The number of smokers using commissioned NHS services to set a quit date and to stop smoking for four weeks have both fallen significantly since last year, new figures from Public Health England (PHE) have revealed.
PHE’s Local Tobacco Control Profiles Indicators for November 2017 show that NHS smoking cessation services registered 2,247.8 successful quitters at four weeks for every 100,000 smokers. This compares with 2,598 successful quitters at the same stage of the quitting process last year.
The number of smokers setting a quitting date stood at 4,434.4 per 100,000 this year, compared with 5,091.8 in November 2016.
The figures for 2017 and 2016 were described as a “significant decrease” by PHE.
This data follows figures published in August 2017 by NHS Digital, which showed that the number of people setting a quit smoking date fell for the fifth consecutive year this year.
NHS Digital’s annual smoking cessation report revealed that 307,507 people had set a quit date using NHS services in 2016–2017 — a decrease of 15% from 2015–2016.
The number of individuals who self-reported successfully stopping smoking after using NHS services also fell for the fifth consecutive year by 16% to 155,875, the report said.
The fall in stopping smoking figures comes at a time when fewer smoking cessation services are being commissioned from community pharmacies due to a fall in public health budgets.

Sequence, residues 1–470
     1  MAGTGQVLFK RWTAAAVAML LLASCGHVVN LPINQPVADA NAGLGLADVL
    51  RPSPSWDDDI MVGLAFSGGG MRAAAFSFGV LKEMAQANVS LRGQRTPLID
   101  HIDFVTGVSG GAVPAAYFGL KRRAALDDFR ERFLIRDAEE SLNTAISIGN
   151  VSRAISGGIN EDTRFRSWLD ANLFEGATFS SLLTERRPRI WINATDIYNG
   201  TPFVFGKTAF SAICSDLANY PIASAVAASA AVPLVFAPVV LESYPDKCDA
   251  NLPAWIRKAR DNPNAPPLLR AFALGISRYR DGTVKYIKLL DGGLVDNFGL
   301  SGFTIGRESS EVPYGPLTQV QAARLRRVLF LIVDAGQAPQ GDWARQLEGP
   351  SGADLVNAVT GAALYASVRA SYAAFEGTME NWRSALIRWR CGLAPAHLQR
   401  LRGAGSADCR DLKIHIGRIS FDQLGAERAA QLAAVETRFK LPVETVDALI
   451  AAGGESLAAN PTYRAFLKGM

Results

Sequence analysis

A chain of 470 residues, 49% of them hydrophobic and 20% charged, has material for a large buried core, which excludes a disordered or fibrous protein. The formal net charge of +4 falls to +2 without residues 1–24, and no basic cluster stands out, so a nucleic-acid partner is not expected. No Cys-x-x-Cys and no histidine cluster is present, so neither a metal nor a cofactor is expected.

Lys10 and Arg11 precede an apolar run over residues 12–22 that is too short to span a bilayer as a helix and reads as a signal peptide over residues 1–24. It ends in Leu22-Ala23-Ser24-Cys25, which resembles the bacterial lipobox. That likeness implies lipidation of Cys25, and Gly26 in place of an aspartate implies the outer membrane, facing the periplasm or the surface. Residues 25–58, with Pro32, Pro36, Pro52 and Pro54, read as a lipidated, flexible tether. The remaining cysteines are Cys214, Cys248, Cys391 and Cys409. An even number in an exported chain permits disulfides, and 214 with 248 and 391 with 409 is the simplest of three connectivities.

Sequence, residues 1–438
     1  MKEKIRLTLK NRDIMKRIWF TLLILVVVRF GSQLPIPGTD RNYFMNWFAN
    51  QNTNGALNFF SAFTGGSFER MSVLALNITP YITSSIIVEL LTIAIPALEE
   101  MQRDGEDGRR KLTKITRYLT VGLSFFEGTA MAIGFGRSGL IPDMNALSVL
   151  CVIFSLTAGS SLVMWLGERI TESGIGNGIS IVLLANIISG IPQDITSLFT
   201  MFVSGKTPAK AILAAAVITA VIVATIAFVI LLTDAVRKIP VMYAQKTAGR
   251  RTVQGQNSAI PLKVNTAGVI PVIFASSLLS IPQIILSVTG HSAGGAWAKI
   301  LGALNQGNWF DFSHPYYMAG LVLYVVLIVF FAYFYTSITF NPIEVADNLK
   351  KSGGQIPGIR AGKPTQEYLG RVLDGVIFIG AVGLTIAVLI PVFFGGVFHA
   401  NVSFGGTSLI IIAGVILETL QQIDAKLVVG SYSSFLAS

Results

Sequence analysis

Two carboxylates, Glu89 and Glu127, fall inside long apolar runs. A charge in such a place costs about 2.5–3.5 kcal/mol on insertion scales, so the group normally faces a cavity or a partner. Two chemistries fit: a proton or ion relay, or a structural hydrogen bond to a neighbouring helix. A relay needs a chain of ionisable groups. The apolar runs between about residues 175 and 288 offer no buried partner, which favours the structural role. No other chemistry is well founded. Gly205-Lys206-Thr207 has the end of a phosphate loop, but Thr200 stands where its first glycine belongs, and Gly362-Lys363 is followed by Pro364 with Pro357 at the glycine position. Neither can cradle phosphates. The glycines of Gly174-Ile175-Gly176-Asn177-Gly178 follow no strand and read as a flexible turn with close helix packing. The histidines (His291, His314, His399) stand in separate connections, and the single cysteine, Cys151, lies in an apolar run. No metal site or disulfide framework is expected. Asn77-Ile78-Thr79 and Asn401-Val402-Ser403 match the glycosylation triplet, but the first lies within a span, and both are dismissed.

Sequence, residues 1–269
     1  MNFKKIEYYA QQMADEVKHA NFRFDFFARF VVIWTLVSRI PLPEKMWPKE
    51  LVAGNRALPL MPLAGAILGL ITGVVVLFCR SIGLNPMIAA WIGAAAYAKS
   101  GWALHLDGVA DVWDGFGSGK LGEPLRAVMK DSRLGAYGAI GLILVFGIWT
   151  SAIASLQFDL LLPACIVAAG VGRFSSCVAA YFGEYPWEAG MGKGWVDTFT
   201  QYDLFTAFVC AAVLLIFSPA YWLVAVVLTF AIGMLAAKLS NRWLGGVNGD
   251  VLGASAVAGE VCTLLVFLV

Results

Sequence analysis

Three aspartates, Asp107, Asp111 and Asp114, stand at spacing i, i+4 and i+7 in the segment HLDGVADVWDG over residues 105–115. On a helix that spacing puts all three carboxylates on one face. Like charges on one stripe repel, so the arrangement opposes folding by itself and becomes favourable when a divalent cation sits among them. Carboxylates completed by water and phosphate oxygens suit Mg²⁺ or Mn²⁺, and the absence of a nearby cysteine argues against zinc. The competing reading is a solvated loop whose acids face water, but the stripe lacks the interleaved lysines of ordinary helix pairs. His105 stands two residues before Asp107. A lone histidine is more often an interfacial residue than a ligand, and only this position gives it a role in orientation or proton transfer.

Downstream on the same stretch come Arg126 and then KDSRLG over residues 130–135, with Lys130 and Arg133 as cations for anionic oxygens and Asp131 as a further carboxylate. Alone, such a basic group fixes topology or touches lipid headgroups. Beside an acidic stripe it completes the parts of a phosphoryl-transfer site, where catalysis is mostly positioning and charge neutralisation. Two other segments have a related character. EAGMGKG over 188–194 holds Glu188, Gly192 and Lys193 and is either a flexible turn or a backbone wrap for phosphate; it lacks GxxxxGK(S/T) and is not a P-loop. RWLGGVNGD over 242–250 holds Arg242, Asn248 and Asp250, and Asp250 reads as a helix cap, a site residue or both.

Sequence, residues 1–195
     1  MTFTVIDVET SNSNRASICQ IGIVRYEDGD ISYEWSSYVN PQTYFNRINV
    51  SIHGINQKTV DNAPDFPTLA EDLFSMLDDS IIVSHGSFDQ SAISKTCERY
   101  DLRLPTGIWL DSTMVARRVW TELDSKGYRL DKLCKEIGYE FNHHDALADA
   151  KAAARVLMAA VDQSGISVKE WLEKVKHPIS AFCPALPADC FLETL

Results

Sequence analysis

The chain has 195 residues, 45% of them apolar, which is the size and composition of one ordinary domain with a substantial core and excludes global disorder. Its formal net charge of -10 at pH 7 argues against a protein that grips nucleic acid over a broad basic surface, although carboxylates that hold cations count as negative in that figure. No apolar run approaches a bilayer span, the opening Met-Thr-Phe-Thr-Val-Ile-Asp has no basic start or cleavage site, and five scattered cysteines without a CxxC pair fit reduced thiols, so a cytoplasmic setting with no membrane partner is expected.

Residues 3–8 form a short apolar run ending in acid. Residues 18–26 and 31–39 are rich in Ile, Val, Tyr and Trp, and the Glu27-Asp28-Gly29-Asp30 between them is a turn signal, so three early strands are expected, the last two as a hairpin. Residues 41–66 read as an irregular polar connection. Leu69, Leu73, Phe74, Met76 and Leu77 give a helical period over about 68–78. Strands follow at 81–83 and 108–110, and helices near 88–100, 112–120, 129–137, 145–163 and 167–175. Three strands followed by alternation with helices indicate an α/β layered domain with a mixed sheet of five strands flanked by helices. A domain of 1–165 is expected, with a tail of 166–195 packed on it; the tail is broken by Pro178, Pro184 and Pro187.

The Pharmaceutical Services Negotiating Committee (PSNC) monitors all locally commissioned community pharmacy services and it has said that smoking cessation services have been most affected by financial restrictions.
Alistair Buxton, director of NHS services at the PSNC told The Pharmaceutical Journal earlier this year: “The squeeze on local government budgets is clearly having a detrimental impact on the provision of public health services to local communities, including those provided by pharmacy teams”.
And an analysis of local government data by the King’s Fund revealed that smoking cessation services would continue to be hit by cuts.
The think tank concluded that smoking cessation services commissioned by English councils could be cut by up to 15% after studying Department of Communities and Local Government figures.
Despite the quitting figures, the recently-published PHE figures show that smoking levels in England have generally fallen.
Smoking prevalence among adults fell to 15.5% this year, from 16.9% last year, and the proportion of adults who have never smoked rose to 58.3% from 48.6% last year.